MOLA:42’s Guide to Getting What You Pay For
Watching Channel 3 News is a trifle more interesting (and depressing) than it used to be. That is, since a former president of the Eureka Chamber of Commerce (J. Warren Hockaday) became their News Director.
Since then their news leans toward pro-business stories (especially their “Special Reports”) and anti-anything that inconveniences our heroic business leaders.
Please understand… I’m very much pro-business. We’d all be living in huts and wiping our hinders with our hands without what business provides for us. I get it. But when they go on and on about how oppressed the Business Person is….
Back to Channel 3: The ultimate was one night they ran a Eureka Chamber of Commerce press release as a major news story (they did everything short of starting the story with, “Our Glorious Dear Leader has announced…”) and didn’t even bother to mention the other side of the story.
Oh, the other side? They were the folks who are trying to raise the minimum wage in Eureka from the mandated $9 an hour (as of July 1) all the way up to $12 an hour. That would be Measure R, which the city electorate will vote on in November.
The poor Eureka City Council does not have it easy on this one. Encourage a vote for Measure R and your major financial backers will become unhappy with you (we all know what happens then). Encourage a vote against and you will be the target of a lot of angry people (some of whom do vote in elections).
So the Eureka City Council took the courageous stand of, “We don’t want to get involved.”
Okay, what exactly is Measure R and why does it cause fear of city-wide devastation?
Measure R will raise the minimum wage to $12 an hour for employers within the city limits that employ 25 or more people. It gives non-profit groups 18 months to comply and everybody else 90 days.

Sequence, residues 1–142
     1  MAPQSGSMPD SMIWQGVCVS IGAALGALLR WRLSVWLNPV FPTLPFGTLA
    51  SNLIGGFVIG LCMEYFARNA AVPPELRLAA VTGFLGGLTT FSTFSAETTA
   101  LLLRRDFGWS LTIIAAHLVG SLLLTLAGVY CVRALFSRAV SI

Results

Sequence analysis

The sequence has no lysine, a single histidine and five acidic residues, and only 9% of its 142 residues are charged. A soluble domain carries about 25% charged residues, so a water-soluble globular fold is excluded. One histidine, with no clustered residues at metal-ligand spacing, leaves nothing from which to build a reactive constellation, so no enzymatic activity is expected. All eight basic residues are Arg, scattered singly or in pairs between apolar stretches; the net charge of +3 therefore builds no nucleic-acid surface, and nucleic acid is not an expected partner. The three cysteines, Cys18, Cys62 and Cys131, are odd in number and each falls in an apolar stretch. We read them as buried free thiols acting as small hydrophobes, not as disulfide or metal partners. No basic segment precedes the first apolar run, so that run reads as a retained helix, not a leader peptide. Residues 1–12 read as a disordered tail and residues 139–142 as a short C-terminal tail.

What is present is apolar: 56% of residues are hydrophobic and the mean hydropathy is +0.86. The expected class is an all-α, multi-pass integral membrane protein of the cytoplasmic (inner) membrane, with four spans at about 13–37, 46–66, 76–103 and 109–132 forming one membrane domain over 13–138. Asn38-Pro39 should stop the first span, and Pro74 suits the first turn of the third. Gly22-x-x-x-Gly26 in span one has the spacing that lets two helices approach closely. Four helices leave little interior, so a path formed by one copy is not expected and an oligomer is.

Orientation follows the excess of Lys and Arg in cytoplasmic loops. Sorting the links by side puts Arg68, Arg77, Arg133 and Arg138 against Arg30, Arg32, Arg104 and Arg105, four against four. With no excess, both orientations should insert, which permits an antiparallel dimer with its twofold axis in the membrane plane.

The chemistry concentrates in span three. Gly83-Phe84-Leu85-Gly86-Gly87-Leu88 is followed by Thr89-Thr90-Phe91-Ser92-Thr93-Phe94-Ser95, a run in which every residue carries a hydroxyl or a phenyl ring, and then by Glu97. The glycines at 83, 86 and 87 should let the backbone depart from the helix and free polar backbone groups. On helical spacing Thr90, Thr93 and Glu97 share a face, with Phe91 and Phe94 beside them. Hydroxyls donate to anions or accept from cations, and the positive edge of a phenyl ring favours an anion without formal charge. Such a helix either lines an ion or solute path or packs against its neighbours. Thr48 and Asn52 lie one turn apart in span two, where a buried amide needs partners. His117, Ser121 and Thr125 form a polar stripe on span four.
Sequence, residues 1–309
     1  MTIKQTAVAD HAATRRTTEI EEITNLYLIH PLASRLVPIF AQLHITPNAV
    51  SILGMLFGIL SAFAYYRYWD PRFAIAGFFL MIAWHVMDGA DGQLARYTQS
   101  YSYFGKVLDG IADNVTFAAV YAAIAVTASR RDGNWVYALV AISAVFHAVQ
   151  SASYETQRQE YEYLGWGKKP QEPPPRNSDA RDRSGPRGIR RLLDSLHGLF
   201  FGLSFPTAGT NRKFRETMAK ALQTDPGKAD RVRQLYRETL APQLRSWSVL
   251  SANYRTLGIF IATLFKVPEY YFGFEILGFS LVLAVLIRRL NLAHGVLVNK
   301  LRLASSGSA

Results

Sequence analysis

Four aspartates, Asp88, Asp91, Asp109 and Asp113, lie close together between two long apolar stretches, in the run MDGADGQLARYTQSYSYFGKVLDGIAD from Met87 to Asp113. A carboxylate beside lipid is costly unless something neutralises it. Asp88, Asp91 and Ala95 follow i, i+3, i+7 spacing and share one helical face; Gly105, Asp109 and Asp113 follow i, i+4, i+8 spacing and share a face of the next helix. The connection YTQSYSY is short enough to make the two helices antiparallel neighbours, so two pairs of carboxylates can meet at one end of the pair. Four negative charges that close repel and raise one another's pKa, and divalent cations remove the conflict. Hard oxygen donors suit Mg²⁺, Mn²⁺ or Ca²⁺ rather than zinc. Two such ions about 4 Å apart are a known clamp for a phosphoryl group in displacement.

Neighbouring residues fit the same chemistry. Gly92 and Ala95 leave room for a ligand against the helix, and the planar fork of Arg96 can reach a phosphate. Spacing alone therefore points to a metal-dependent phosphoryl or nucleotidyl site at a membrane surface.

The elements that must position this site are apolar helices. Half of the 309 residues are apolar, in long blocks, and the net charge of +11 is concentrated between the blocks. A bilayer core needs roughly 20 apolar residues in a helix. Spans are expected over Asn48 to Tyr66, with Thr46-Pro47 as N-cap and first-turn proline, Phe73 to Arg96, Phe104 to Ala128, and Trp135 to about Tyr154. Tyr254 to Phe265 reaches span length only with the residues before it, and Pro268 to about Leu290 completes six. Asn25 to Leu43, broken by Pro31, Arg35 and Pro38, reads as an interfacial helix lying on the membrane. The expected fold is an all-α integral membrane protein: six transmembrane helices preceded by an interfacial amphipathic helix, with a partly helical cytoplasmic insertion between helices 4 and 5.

So you can see why the Pacific Ocean will crash over the City of Eureka leaving few survivors to tell the tale.
Businesses will either go under or pack their bags and take themselves elsewhere in pitiful lines of refugees pushing rickety carts filled with all their worldly possessions. Their teaming masses choke the roads as they are ruthlessly machine gunned by Nazi fighter planes… sorry.
That is essentially the argument given by the Chamber of Commerce and their like-minded allies (minus the Nazi fighter planes). Combine that with the arguments for Measure Q (the extension of the Measure O “Public Safety” sales tax) and the City of Eureka is on the verge of a Mad Max-like dystopia where life will have no value and death and destruction will be a common entertainment. (Hey… don’t they have that already?)
And yes, the cost of doing business will increase… for SOME businesses.
Who are those businesses you may ask?
Well, think on it. Who employs 25 or more people?
Not the boutique on a nice corner in Old Town, not the plumber, not the building sub contractor, not the candy shop nor the Ma and Pa grocery store (but the Chamber of Commerce takes perverse glee in scaring the holy crap out of those folks).
So, who does take the hit?
There are of course Kmart and Walmart and their crowd. As a group they are not likely to pack up their kit and move on.